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  • Final Evaluation Brief
  • February 2024

Strengthening Secondary Education in Guatemala

Investments in teachers, parents, and information systems improved quality

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Program Overview

MCC’s $27.3 million Guatemala Threshold Program (2016-2021) aimed to provide Guatemala’s youth with quality educational opportunities that have relevance to the labor market and mobilize additional government resources that are needed to address binding constraints to economic growth. The Education Project consisted of three activities: (1) Quality of Education in Support of Student Success; (2) Improving Technical and Vocational Education and Training; and (3) Strengthening of Institutional and Planning Capacity. This Evaluation Brief focuses on Activities 1 and 3.

Evaluator Description

MCC commissioned Mathematica to conduct independent impact and performance evaluations of Activity 1 and a performance evaluation of Activity 3 to estimate impacts on student learning, teacher recruitment and selection, and the use of data for decision-making. Full final report: https://evidence.mcc.gov/evaluations/index.php/catalog/216.

Key Findings

Teacher Training, Recruitment and Selection

  • Activity 1, known as Éxito Escolar, was a comprehensive set of interventions to strengthen Ciclo Básico, or lower-secondary education, in five regions of Guatemala.
  • Teacher competency improved in the treatment schools but also did in the control schools.
  • Teachers’ perceptions of the professional development, improved student learning and Ciclo Básico programs were overwhelmingly positive. However, there was no impact on student test scores.
  • Stakeholders felt that the parent organizations supported schools and are implementing aspects of the action plans.
  • The Guatemalan Ministry of Education approved a new teacher recruitment and selection system but did not implement it due to COVID and a lack of resources.

Service Standards for Planning and Budgeting

  • Although spending on lower secondary education increased during the Education Project, most education stakeholders do not perceive that spending has increased.

Decision Support Systems for Planning and Budgeting

  • Study participants agree that the distribution of resources does not respond to the human and material requirements for implementing the national curriculum. What data exists is rarely used to support decision-making.

Evaluation Questions

This final impact and performance evaluation was designed to answer the following questions:

  1. 1
    To what extent were Éxito Escolar’s planned activities for teacher professional development, pedagogical support, and development of parent organizations and school networks implemented as designed? What impact did the interventions have on student learning?
  2. 2
    What were the main facilitators of and barriers to implementing Éxito Escolar activities in terms of reaching hypothesized medium-term outcomes including:
    a. Improvements in student learning
    b. Higher graduation rates
    c. Increased retention and promotion of secondary education students
  3. 3
    Were the Institutional Strengthening activities implemented as planned (if not, why)? To what extent did the project lead to changes in budget for secondary education? To what extent did the project lead to changes in teacher hiring/retention?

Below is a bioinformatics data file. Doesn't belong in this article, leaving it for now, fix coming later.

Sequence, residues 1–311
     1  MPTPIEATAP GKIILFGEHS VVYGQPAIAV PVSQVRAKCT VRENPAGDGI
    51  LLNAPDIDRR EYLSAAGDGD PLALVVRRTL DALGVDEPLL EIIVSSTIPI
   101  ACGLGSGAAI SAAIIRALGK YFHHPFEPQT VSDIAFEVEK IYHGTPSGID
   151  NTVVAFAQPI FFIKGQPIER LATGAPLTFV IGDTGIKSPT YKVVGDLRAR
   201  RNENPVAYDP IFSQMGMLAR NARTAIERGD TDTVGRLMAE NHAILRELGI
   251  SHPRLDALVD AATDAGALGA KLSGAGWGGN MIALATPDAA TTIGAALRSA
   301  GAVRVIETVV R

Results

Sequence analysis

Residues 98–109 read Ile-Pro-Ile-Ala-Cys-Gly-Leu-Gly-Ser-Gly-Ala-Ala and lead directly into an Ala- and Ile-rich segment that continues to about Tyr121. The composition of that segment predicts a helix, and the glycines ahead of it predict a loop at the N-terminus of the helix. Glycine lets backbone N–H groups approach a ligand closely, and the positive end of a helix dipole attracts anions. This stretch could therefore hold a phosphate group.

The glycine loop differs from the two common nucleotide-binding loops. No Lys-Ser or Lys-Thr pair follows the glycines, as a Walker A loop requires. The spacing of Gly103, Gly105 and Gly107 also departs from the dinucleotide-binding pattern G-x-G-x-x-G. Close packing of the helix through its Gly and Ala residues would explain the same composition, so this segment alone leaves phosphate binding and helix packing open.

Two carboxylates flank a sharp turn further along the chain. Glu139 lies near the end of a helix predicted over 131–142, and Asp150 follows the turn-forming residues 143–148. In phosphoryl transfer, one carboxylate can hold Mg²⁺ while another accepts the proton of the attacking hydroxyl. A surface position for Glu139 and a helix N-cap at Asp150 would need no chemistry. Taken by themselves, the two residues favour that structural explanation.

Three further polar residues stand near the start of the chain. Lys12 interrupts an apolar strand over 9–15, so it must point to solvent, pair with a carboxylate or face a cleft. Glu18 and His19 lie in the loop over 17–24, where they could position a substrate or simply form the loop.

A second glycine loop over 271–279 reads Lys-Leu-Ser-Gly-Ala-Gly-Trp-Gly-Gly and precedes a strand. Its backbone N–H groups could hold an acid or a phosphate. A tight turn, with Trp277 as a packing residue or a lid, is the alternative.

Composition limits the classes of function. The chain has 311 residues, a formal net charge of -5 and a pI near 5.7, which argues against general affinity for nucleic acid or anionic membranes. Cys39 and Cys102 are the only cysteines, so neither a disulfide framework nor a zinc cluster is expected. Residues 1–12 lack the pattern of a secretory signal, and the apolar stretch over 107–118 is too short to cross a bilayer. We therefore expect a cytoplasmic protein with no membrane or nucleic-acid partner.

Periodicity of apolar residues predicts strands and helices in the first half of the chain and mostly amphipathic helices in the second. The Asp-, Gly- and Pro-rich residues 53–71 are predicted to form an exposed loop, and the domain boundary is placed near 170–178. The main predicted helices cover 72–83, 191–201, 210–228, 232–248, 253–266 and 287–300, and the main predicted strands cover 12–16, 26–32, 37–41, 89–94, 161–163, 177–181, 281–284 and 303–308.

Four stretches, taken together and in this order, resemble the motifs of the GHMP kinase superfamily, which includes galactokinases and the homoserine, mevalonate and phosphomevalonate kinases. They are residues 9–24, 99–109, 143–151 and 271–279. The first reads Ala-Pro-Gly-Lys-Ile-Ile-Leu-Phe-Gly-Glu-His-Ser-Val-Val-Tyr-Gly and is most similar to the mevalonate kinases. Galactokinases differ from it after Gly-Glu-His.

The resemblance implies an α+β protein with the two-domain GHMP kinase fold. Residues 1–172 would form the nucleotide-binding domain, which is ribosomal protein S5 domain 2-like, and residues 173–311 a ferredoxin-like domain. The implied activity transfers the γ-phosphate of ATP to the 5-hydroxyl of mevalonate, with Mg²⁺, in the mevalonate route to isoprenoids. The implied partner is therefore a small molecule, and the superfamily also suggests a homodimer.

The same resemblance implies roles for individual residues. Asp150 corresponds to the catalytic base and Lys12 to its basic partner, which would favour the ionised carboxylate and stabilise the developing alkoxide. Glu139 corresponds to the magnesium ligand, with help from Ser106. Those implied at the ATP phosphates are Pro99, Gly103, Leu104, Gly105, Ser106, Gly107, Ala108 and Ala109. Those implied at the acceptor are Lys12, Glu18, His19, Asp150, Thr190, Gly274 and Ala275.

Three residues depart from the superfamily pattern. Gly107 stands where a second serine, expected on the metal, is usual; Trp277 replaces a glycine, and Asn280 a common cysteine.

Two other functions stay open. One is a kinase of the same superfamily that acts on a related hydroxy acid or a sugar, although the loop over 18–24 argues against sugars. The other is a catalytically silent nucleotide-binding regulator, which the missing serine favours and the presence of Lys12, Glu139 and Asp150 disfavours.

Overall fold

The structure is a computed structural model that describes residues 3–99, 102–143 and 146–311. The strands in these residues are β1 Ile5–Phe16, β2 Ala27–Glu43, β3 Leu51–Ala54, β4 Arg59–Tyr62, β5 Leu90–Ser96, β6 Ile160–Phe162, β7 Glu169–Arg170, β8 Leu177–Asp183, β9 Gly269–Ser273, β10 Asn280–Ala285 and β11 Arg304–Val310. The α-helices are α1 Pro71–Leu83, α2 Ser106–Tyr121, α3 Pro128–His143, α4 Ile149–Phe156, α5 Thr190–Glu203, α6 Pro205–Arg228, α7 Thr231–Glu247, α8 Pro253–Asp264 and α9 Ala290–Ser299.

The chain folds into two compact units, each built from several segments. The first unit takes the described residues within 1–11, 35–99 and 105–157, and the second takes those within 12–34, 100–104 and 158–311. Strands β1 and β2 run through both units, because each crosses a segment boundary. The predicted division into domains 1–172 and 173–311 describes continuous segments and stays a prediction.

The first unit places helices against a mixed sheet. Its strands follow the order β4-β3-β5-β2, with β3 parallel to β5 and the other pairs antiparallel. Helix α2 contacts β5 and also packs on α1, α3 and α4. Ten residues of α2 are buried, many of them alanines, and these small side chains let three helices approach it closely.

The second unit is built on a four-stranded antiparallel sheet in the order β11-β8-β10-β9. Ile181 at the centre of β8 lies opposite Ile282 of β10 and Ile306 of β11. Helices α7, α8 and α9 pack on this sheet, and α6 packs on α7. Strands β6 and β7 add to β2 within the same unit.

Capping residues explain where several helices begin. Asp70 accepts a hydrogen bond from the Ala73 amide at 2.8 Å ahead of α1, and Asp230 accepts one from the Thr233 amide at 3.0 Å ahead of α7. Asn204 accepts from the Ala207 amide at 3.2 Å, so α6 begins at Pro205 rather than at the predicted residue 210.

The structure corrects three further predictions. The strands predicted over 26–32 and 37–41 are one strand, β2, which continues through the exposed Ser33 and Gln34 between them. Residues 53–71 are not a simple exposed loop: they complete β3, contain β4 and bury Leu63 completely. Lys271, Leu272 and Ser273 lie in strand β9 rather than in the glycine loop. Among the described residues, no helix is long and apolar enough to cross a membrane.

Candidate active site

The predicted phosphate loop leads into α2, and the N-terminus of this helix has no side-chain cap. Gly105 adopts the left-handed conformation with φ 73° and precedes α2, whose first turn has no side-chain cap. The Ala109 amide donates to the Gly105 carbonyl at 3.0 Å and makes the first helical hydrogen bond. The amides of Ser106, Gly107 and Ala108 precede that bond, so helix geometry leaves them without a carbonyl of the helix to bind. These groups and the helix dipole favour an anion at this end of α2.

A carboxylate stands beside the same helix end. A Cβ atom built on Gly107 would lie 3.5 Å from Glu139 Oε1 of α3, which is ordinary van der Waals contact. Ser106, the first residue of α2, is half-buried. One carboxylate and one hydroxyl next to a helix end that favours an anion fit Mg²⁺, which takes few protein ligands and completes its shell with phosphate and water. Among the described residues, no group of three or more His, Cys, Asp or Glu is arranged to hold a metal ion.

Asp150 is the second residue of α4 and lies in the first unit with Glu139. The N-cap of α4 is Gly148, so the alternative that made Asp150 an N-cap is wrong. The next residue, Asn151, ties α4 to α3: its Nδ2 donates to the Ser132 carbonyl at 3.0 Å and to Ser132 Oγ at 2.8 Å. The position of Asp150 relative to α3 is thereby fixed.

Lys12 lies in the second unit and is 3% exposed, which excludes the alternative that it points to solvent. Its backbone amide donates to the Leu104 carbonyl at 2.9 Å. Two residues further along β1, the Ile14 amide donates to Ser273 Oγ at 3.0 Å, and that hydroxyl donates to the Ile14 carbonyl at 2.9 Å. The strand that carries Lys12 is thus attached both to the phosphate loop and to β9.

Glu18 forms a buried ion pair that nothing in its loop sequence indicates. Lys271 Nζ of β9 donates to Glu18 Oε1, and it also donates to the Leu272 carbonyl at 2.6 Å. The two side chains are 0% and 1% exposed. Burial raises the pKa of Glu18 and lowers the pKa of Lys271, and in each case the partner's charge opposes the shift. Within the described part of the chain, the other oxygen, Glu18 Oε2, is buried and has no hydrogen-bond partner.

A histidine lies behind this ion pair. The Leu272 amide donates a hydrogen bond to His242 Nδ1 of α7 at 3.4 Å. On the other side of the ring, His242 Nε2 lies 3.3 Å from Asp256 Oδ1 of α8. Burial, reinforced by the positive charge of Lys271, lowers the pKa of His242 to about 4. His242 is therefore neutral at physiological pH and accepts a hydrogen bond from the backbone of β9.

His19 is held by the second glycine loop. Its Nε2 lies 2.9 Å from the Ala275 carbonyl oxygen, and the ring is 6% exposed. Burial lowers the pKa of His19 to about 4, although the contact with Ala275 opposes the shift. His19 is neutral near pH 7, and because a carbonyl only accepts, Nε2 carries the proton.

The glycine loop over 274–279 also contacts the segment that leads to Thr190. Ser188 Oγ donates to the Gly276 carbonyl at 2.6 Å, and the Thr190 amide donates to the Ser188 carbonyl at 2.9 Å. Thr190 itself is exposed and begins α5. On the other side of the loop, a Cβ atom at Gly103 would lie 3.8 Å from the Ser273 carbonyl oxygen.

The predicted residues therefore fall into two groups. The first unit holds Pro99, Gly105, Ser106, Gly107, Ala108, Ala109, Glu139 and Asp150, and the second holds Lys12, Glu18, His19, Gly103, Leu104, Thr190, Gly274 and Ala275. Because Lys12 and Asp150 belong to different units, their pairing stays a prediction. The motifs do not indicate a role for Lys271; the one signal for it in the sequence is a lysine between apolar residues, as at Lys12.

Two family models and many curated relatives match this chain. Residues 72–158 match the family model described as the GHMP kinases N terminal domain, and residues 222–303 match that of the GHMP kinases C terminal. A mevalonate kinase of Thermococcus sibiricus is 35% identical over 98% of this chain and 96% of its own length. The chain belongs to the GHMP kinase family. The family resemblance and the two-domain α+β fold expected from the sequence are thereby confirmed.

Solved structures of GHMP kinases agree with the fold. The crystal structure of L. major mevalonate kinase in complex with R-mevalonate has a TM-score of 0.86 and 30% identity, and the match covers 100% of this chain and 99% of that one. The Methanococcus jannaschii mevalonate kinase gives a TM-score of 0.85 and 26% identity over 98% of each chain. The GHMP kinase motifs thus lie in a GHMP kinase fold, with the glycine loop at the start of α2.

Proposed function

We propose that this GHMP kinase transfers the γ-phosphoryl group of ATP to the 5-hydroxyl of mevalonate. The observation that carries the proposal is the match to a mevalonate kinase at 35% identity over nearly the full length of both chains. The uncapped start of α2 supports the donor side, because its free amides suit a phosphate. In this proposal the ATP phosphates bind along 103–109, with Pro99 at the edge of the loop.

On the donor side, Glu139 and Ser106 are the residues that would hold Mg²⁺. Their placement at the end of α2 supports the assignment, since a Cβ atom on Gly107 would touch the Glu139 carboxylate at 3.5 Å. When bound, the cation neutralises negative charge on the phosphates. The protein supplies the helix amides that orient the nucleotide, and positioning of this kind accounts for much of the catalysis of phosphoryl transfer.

Detailed Findings

Teacher Training, Recruitment and Selection

PADEP/Ciclo Basico enrollment targets and actual enrollment. 1,913 teachers and directors were enrolled, and1,545 completed, PADEP/CB versus an original target of 2,400 and an updated target of 1,800.

PADEP/Ciclo Basico enrollment targets and actual enrollment

Éxito Escolar was a comprehensive set of interventions to strengthen Ciclo Básico education in five regions of Guatemala. The activity included training of teachers and school directors, and engaging parents to strengthen school leadership and raise awareness of the importance of Ciclo Básico. In interviews and focus groups, teachers, school directors, and pedagogical advisors shared that they perceived that teachers were using the innovative methods and that those methods were motivating students to remain in school. Teachers expected lower dropout rates, higher promotion rates, and lower grade repetition. Evidence pointed to improved teacher competency in the treatment schools. However, this was also the case for teachers in the control schools. Stakeholders felt that the parent organizations were supporting schools to implement aspects of the action plans. Management advisors and school directors reported that they were able to implement at least a portion of the action plans. However, the interventions did not have an impact on student learning outcomes. It is likely that the COVID pandemic caused further learning loss in students who were already behind grade level making it difficult for Éxito Escolar to overcome learning loss in treatment schools. Differences in estimated impacts were not significantly different between male and female students for language or science, but were significantly lower for female students than male students in math (p = 0.018).

The Guatemalan government officially adopted a Ministerial Agreement to implement the new teacher recruitment and professional development process developed in January 2021. However, hiring was suspended during COVID and has not restarted as of August 2023, which stalled implementation of the new system. The Ministry is using one of the project’s data systems which registers and calculates the demand for teachers, but other capacity building systems are not in use, including those to support teacher recruitment, selection, and monitoring.